Taking the time to see a cool new movie on the big screen or even attending a play or concert can make for a fun night out. However, the cost of seeing a film in theaters alone can often cost nearly $20. That being said, several movie theaters in the Boston area offer discounted showings and student rates. Coolidge Corner Theater in Brookline is a popular independent theater known for showing a wide variety of mainstream and independent movies, as well as being affordable for students. Even the AMC chain theaters in Boston and Somerville offer a fairly substantial discount on tickets (though they can vary from location to location). Although I haven’t seen a formal student discount at the Somerville Theater in Davis Square, it’s $11 ticket prices certainly beat out other theaters in the area and it’s only a short walk away from campus!              

Groceries, Shops, and Restaurants

As a graduate student, finding time to cook and eat can definitely be challenging. Having the luxury of going out to eat isn’t always possible, especially on a tight budget. However, many restaurants, shops, and even grocery stores in Davis Square and elsewhere near the Tufts Somerville/Medford campus offer discounts to Tufts students to make eating out a bit more affordable. Perhaps the most well well known among Tufts students is Yoshi’s Japanese and Korean Cuisine, which offers a 10% discount to students who show their ID. B-Fresh Market, a grocery store in Davis Square, similarly offers a 5% discount on groceries at checkout to students (just make sure you use a regular checkout and not a self-checkout to get this discount). Multiple other businesses also offer similar discounts so make sure you keep your ID card with you and your eyes out for signs promoting these deals!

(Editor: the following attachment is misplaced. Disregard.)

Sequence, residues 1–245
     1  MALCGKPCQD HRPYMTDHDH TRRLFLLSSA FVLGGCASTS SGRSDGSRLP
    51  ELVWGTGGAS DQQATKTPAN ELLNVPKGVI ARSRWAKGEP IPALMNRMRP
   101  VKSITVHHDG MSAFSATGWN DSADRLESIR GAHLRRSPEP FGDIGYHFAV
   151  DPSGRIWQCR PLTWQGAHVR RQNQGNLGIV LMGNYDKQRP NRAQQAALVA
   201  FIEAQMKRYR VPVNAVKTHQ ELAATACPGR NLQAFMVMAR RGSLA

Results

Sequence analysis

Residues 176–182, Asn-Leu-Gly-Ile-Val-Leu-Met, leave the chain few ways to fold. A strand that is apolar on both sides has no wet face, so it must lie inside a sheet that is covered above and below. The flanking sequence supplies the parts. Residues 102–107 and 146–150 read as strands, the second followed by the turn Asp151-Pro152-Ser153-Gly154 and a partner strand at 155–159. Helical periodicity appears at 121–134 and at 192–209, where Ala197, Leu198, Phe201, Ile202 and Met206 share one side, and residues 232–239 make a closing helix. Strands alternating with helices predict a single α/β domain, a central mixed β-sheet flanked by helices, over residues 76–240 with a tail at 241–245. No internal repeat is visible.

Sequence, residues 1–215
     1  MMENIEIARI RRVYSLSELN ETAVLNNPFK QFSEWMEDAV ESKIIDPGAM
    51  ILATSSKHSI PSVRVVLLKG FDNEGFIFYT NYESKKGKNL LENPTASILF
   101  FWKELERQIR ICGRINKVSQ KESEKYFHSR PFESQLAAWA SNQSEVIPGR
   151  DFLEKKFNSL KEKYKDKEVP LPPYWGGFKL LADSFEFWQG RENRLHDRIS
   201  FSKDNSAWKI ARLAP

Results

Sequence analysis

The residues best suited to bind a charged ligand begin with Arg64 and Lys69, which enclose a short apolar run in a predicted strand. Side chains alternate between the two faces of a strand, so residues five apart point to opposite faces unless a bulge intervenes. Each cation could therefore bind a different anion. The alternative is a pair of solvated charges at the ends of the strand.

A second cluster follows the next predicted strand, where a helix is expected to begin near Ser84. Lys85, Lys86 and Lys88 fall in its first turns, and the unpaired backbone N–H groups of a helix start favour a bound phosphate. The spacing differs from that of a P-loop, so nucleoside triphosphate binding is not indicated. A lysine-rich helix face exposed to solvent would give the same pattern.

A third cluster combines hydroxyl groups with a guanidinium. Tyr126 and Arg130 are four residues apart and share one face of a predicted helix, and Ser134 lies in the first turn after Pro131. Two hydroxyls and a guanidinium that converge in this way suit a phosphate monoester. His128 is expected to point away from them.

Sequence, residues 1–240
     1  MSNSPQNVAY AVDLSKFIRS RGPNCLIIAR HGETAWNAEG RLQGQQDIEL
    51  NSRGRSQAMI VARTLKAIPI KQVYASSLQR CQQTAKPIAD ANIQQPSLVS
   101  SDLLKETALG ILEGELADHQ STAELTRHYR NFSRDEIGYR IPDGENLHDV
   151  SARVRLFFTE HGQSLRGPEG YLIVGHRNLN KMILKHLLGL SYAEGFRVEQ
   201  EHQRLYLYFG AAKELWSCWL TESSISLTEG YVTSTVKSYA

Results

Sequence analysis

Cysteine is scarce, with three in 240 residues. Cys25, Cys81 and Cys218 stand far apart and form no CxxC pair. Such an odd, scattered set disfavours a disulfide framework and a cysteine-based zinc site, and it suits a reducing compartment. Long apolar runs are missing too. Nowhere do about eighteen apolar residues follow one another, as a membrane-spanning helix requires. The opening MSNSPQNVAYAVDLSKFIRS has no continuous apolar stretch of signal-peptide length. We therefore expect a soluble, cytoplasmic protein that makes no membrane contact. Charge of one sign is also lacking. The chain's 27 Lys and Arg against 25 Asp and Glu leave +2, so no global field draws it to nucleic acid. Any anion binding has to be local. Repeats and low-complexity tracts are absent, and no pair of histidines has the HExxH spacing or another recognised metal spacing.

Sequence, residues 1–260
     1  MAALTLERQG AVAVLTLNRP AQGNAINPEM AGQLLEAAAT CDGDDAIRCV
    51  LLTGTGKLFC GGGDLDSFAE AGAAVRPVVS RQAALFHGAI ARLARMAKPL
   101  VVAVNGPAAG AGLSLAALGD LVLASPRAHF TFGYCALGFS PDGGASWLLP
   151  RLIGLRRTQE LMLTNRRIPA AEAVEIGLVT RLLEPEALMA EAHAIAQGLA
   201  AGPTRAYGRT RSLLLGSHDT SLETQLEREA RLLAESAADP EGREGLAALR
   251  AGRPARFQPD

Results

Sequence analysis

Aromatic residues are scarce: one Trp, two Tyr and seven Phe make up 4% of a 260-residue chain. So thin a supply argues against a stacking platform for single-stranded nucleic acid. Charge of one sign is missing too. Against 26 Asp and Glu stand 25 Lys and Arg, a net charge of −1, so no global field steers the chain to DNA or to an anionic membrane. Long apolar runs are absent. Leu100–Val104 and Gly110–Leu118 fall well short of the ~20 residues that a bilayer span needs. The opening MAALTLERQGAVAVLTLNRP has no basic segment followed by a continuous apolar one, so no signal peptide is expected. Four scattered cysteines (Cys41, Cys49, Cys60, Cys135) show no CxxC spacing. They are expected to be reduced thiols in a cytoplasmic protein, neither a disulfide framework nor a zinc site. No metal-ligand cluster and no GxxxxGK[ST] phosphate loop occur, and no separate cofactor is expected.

So Much More!

Though these are just a few examples of some of the deals you can get with a Tufts student ID, there are plenty of other museums, restaurants, events, and businesses in the Boston area that offer discounts and promotions for students. Make sure you always keep your ID handy to take advantage of these offers, and make your experience as a graduate student just a bit more affordable and fun! 

Finals Season is Coming: 5 Simple Ways to Relieve Stress

Written by Amanda Wang, Innovation & Management M.S. 2019

Stress is a word that never leaves a college student’s dictionary. In April, when you find out you have tons of reports, assignments, and exams ahead of you, even the fact that the summer break will (eventually) come  barely helps. I have tried multiple methods from drinking too much coffee to watching a whole season of drama, only to figure out that neither pushing harder nor procrastinating longer would make a real difference to my stressed-out brain. 

Maybe knowing how to relieve stress is one huge part of ”adulting”. Now with almost five years of university life experience, I found five ways that work best for me and perhaps will work for you as well.

  • Write tasks down